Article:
In this memorandum opinion, the Court of Chancery dismissed an action under Section 220 of the Delaware General Corporation Law brought by a former director to inspect a corporation’s books and records. The Court found that the non-stockholder Plaintiff lost standing to pursue his claim for books and records when he ceased being a director of the corporation. In doing so, the Court declined to adopt a broader reading of Section 220(d) to confer limited inspection rights on former directors.
Plaintiff was a non-stockholder and former director of defendant, DAG SPE Managing Member, Inc. (“DAG” or the “Company”), which, together with its affiliates, owns, operates and supplies retail gas stations, convenience stores and car washes. In December 2000, Plaintiff, along with DAG’s three sole stockholders, was named an initial director of DAG. Through subsequent corrections and amendments to DAG’s certificate of incorporation, Plaintiff was named as the single independent director of the Company. On December 18, 2003, DAG’s stockholders removed and replaced Plaintiff as DAG’s independent director by unanimous written consent, although DAG did not amend its certificate of incorporation to remove Plaintiff’s name as independent director. More than eight years later, Plaintiff delivered a written demand to inspect the books and records of DAG, under Section 220 and the common law, to investigate generally whether mismanagement or breaches of fiduciary duties occurred during the period of his directorship.
Plaintiff alleged that he had no knowledge of DAG until March 28, 2003 when, according to Plaintiff, the President of DAG, who was also a director of the Company and one of Plaintiff’s long-time acquaintances, indicated to Plaintiff that he intended to name Plaintiff as a director of DAG. In the spring of 2011, Plaintiff discovered a copy of a March 28, 2003 unanimous written consent that he had executed and also a copy of a similar document dated April 1, 2003, which Plaintiff denied having signed but which appeared to have been executed by all of the Company’s directors, including Plaintiff. This prompted Plaintiff to direct his counsel to investigate DAG’s filings, which revealed to Plaintiff—allegedly for the first time—that he had been appointed as an independent director of DAG as early as December 2000. In April 2012, Plaintiff delivered a demand pursuant to Section 220 to determine, among other things, whether his signature was forged on any documents. Plaintiff then filed suit in the Court of Chancery to compel the production of those documents demanded by Plaintiff. DAG moved to dismiss, arguing Plaintiff lacked standing under Section 220 because he was no longer a director of the Company.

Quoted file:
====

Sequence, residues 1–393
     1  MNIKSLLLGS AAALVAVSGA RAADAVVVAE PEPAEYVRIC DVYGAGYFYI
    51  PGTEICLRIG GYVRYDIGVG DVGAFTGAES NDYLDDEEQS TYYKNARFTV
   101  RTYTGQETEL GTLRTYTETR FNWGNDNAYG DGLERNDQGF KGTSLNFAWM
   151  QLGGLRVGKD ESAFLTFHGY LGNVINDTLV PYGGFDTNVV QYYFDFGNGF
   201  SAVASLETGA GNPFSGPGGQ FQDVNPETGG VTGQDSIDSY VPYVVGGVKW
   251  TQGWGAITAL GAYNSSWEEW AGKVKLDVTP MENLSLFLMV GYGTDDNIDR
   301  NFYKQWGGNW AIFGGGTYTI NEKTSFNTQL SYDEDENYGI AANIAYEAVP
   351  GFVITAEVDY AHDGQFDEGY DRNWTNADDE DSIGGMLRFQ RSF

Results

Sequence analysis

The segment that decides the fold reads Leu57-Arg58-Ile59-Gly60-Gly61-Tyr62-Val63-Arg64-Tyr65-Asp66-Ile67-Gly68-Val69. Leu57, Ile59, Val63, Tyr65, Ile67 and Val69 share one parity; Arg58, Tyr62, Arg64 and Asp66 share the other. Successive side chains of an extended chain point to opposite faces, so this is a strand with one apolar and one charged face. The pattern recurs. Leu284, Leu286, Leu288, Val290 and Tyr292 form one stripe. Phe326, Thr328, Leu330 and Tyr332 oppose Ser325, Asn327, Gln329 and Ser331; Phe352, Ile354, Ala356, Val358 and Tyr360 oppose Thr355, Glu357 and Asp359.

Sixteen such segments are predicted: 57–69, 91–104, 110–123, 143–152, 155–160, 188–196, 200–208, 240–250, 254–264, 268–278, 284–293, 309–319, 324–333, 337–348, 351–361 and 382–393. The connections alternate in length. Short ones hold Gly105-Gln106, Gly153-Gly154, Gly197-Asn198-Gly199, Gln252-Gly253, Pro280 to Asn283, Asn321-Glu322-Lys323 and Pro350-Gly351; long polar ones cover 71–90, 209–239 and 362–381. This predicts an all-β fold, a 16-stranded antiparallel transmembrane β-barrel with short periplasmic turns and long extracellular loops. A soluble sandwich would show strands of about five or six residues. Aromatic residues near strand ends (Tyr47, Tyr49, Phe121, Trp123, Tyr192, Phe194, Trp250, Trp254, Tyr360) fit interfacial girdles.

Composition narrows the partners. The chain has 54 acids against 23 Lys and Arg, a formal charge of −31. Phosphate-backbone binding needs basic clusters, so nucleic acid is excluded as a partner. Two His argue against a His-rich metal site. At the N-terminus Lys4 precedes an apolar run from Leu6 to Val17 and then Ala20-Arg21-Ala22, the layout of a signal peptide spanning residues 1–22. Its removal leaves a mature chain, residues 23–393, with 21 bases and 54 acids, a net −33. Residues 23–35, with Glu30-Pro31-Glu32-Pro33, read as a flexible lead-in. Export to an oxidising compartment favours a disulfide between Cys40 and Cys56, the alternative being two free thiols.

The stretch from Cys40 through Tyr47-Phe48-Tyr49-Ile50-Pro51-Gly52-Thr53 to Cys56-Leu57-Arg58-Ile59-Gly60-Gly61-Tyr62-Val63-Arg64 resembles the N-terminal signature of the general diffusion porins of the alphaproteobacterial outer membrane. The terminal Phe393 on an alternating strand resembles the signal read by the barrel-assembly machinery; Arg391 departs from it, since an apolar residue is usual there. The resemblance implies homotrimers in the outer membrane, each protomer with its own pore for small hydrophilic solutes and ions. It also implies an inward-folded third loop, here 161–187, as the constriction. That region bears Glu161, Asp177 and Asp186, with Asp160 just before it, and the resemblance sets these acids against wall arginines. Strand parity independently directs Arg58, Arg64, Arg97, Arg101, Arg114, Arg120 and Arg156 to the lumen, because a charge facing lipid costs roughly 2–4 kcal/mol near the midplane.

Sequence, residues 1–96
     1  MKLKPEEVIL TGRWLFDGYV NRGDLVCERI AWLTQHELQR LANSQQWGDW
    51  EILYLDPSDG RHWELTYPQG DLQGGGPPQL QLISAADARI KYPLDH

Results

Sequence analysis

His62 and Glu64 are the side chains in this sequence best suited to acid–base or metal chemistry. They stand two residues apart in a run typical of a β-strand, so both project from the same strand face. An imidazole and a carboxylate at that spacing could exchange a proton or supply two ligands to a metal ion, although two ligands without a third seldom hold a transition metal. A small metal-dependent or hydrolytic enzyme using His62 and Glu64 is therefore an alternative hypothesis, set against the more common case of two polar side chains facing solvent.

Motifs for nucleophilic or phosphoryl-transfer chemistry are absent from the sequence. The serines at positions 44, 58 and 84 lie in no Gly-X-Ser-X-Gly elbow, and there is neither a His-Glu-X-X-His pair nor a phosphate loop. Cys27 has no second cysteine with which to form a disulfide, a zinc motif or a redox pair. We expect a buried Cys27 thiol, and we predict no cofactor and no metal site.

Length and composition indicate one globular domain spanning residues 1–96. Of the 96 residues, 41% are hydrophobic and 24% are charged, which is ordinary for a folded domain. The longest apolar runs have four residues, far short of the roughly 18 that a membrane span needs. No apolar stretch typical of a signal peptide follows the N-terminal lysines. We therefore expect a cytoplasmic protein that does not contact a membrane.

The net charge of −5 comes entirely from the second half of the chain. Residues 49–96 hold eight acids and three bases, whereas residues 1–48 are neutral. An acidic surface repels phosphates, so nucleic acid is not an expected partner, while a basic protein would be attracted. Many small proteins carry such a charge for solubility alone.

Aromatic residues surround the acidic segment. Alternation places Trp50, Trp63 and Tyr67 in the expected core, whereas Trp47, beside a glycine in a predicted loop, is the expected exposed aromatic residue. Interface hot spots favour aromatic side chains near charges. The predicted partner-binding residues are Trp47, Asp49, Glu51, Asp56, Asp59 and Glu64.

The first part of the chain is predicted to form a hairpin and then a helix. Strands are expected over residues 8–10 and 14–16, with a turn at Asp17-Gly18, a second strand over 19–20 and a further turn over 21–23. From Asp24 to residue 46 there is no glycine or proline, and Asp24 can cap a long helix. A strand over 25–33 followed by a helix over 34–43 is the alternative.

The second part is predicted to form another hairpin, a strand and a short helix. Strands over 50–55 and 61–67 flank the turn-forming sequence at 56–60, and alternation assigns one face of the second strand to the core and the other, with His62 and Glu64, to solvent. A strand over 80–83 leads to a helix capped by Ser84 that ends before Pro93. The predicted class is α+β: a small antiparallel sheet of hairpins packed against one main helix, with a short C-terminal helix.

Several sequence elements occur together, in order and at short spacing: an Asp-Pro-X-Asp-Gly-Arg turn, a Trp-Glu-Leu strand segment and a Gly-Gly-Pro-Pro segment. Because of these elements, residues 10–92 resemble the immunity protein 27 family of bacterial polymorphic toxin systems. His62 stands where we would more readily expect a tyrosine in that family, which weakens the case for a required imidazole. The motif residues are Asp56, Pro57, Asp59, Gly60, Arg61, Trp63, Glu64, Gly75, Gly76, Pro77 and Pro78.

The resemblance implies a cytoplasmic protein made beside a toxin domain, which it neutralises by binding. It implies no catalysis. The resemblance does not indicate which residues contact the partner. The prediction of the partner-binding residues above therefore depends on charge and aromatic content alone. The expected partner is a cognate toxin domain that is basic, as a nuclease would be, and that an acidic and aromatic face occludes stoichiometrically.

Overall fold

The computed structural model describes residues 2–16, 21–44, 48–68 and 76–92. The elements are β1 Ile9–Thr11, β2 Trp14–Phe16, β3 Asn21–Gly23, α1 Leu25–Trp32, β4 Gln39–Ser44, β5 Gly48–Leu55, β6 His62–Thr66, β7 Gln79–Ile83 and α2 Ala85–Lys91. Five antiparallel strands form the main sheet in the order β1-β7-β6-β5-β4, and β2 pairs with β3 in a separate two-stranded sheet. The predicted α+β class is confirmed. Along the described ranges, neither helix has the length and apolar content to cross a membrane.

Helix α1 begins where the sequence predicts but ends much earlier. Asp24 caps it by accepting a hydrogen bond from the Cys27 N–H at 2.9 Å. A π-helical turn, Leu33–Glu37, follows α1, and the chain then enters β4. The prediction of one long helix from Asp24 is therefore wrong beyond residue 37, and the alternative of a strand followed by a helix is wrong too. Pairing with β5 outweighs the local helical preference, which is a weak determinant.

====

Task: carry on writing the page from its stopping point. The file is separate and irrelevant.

Section 220(d) provides a director with the right to examine a corporation’s books and records. Citing Jacobson v. Dryson Acceptance Corp., 2002 WL 75473, at *4 (Del. Ch. Jan. 9, 2002), for the proposition that a director loses standing to pursue a claim for books and records under Section 220(d) once a director is removed properly from office, the Court held Plaintiff lacked standing to assert any inspection rights against DAG because Plaintiff ceased to be a director in 2003. Moreover, the Court found no case law that supported limited inspection rights for former directors.
Plaintiff alternatively argued that the Court should employ its equity powers to grant his demand because, according to Plaintiff, DAG should not be able to name him as a director, execute transactions without his knowledge, and then prevent his investigation, on procedural grounds, after he was removed as a director. The Court, however, found it was precluded from invoking principles of equity to grant inspection rights when the statute plainly and unambiguously provides that “only current directors have inspection rights under Section 220(d).”
Separately, Plaintiff argued that even if he did not possess inspection rights under Section 220(d), he could do so under a director’s right of equal access to board information. The Court rejected Plaintiff’s argument for two reasons. First, “Section 220(d) at least arguably preempts a director’s common law right to inspect corporate books and records.” Second, even if Section 220(d) did not preempt a director’s common law inspection rights, the Court observed that Delaware courts generally apply the equal access rule in the context of an action under 8 Del. C. § 225 or some other litigation in which the former director is pursuing or defending substantive claims and possesses the right to pursue discovery as a litigant. Because Plaintiff was not a sitting director owing fiduciary duties to DAG, did not challenge his removal as a director and was not pursing a legal claim against the Company in which the documents sought might be relevant, the Court found Plaintiff had failed to allege any basis for applying the equal access rule in this action.
The full opinion is available here.